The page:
Boston Uprising’s second annual Collegiate Cup was held this past Sunday at the Back Bay Events Center in Boston. Defending champion Northeastern University found themselves in the semifinals along with Boston University, UMass Amherst, and Emerson College. A different type of venue, crowd, and competitors brought a different experience than the typical Overwatch League match. I think the league could learn from the good and bad that the college tournament showed.

Good: Hype Videos

While some Overwatch League matches have short vignettes that try to establish some personality to the players, I haven’t seen one that could hold the Collegiate Cup’s jockstraps. Each team got to make a quick hype video where players talked trash, made awkward poses, and made their case for why they’ll win. First, filming them on scene at each school added legit authenticity to the proceedings. Second, you could tell these guys put the videos together themselves. There is some real bravado in some of them. Giving the players the freedom to strut their creativity and let their personalities shine is much better than the pretentious, forced hype that OWL struts out for some of the teams.

Bad: Venue

I won’t sugar coat it for you – this place was a notch above your typical senior center bingo hall. I didn’t go last year, but I heard Laugh Boston was a dumpster fire. Well, this place was certainly serviceable. They had enough TVs so everyone could see the action. But the seats were cramped on top of each other, it was extremely dark, and the venue just seemed forced into this esports format. Now granted, there wasn’t much of a crowd. I can’t imagine more than 100 people were there. So I don’t expect the Uprising to host this thing at the Ritz. But maybe one of the schools should host on a rotating basis – say the defending champs? Hosting the event at a school would certainly draw a bigger crowd.

Good: Saltiness

In my post-match interview with Northeastern’s captain Matthew Lucido, he said:

“…the captain of BU he’s trying to get at me, he’s trying to assert his dominance. But, like, I know he’s coming. Once you figure him out he only does one thing. He holds W at you and then dies. So, like, I’ll save my cool down, save my shift for his hook and then after that he’s dead in the water.”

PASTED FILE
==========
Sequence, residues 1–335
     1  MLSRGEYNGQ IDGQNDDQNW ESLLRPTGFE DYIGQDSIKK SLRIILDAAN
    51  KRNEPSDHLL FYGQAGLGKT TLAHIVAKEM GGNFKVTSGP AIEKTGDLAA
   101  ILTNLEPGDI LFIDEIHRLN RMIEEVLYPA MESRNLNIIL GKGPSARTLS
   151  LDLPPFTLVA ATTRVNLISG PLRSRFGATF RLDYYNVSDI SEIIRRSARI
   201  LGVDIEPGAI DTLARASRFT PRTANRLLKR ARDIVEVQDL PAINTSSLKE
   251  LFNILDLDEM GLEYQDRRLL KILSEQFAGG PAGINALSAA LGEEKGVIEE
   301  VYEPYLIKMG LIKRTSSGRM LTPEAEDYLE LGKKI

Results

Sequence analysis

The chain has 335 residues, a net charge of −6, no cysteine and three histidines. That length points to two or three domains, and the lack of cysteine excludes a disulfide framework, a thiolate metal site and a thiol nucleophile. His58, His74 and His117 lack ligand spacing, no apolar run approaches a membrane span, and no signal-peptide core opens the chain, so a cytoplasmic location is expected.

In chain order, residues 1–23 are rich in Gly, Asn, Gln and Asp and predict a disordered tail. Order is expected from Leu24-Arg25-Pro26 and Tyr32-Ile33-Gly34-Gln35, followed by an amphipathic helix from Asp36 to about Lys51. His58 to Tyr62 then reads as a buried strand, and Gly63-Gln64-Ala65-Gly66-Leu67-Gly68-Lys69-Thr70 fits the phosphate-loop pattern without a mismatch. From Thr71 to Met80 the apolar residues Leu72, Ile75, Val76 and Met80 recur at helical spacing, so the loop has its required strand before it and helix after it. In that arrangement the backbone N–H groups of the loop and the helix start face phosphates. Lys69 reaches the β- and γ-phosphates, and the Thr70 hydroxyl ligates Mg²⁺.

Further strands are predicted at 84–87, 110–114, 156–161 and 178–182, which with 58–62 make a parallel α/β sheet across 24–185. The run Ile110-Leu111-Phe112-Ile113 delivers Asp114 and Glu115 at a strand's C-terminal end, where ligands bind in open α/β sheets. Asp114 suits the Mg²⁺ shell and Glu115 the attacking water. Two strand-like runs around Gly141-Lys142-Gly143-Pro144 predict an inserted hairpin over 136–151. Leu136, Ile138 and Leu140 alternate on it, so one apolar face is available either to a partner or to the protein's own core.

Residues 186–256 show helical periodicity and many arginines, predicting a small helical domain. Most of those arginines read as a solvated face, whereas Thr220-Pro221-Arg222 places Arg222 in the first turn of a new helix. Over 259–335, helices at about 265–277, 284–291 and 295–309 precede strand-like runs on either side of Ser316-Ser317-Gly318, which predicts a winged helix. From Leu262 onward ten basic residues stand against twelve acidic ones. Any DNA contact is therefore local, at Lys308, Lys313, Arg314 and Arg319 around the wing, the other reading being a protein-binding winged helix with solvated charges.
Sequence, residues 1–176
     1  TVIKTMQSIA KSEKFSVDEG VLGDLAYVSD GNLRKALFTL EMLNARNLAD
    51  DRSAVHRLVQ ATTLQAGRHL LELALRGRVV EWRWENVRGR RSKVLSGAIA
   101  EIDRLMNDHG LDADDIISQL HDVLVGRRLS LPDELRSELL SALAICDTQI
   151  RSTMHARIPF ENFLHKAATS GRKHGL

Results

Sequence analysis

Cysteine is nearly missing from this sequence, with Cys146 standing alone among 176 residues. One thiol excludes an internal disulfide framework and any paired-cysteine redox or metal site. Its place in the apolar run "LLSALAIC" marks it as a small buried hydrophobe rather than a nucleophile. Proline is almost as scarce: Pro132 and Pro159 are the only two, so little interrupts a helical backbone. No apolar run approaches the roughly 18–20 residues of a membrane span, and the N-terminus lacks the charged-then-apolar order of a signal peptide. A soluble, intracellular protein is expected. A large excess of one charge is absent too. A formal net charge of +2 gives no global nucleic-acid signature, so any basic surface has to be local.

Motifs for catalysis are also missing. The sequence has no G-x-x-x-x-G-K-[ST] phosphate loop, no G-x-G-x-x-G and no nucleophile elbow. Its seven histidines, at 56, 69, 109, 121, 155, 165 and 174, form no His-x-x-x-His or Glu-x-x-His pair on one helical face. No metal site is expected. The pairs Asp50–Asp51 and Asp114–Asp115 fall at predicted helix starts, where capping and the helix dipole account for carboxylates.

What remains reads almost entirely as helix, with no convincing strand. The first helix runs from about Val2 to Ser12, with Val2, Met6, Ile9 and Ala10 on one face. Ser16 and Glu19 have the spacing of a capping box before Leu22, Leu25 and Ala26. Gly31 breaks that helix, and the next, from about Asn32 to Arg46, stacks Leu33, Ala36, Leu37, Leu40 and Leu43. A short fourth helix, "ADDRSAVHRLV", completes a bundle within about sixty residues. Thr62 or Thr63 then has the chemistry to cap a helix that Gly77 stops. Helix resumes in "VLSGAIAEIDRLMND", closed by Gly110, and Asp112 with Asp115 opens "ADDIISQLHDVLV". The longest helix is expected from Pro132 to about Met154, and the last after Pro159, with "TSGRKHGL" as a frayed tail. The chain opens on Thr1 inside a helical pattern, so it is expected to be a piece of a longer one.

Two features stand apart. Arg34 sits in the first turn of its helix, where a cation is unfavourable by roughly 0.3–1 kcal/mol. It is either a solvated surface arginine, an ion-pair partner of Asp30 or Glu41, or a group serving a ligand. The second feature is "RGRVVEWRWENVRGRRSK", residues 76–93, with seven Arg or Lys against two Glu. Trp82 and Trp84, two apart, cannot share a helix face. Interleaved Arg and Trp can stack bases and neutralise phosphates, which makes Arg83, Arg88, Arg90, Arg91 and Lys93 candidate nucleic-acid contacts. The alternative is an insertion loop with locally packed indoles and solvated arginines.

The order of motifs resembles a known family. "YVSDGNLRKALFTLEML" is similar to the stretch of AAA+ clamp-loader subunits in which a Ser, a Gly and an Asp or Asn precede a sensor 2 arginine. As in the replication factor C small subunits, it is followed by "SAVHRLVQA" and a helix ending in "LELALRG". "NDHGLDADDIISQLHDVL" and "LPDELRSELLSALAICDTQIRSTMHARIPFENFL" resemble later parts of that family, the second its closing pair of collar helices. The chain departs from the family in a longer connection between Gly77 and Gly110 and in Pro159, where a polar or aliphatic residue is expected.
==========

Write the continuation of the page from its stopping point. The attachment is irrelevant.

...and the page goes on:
Matthew Lucido, Northeastern captain

That type of direct, aggressive call-out is exactly the type of rivalry and heat that Overwatch League lacks. Oftentimes teams have cringeworthy call outs to each other that are overly sanitized and harmless. These college players have no problem hyping them and their teams up. That includes putting the other team and their players down. And that’s what makes the event more electric. You can hear the fire coming out of him:

Good: Championship Cup

Unlike that ugly ass Reinhardt trophy you get for winning the Overwatch League, the Boston Uprising hand out some sick hardware. Take a look at that cup. Who wouldn’t want to raise that thing up? Not to mention all the things you can do with it. Drink. Eat. Beer pong. Mini golf. Did I mention eat? That is one piece of hardware that’s a party unto itself.

Bad: Timing

As I mentioned the venue didn’t help get anyone to show up to support their team, but the time didn’t help either. Starting at 10am and finishing at about 2pm on a Sunday, most college students aren’t even up by then. I don’t see early afternoon as the best time for this target demographic. A mid afternoon Saturday game that serves as a pregame for their weekend antics seems more appropriate. I did spot one kid wearing shower sandals and a bathrobe. Hey, not all heroes wear capes.

Good: Schools

What’s great about doing college sports is they have one thing already built in – deep seated hatred for each other. Sure, Boston and New York will never like each other, and you can try to ham that into an Uprising – NYXL rivalry. But the Boston area colleges already genuinely hate each other. There’s no world where BU and Northeastern aren’t going to fire up the crowd. From the US News rankings to the Beanpot, students are going to be fired up to see their schools at each other’s throats. While UMass’ run to the title despite no institutional support gave them a rags-to-riches storyline, you could hear the whispers of ‘safety-school’ and looking down at the sole public school from its wealthier peers. Only colleges can give you this type of built-in drama.

Good: Pro level support

You can’t say the Uprising didn’t go all in on this event. From having Avast (former Uprising player) and ZP cast on-site to the Twitch stream, the Uprising put a lot of investment on this event. They clearly care about the college scene. There were dozens of Kraft Group employees at the venue to help organize and run the operations that makes an event like this go smoothly. Whereas you had Dallas, the first non-Blizzard Arena homestand, get hit with a power outage. This event went off without a hitch. Also getting Huk on site to speak to the crowd, be interviewed by the casters, award the championship cup, and talk to the players was a treat. The moneyball recruiting-savant of the Overwatch League rarely comes out from his command HQ, so to see him at an event like this shows how much the team wants it to go well.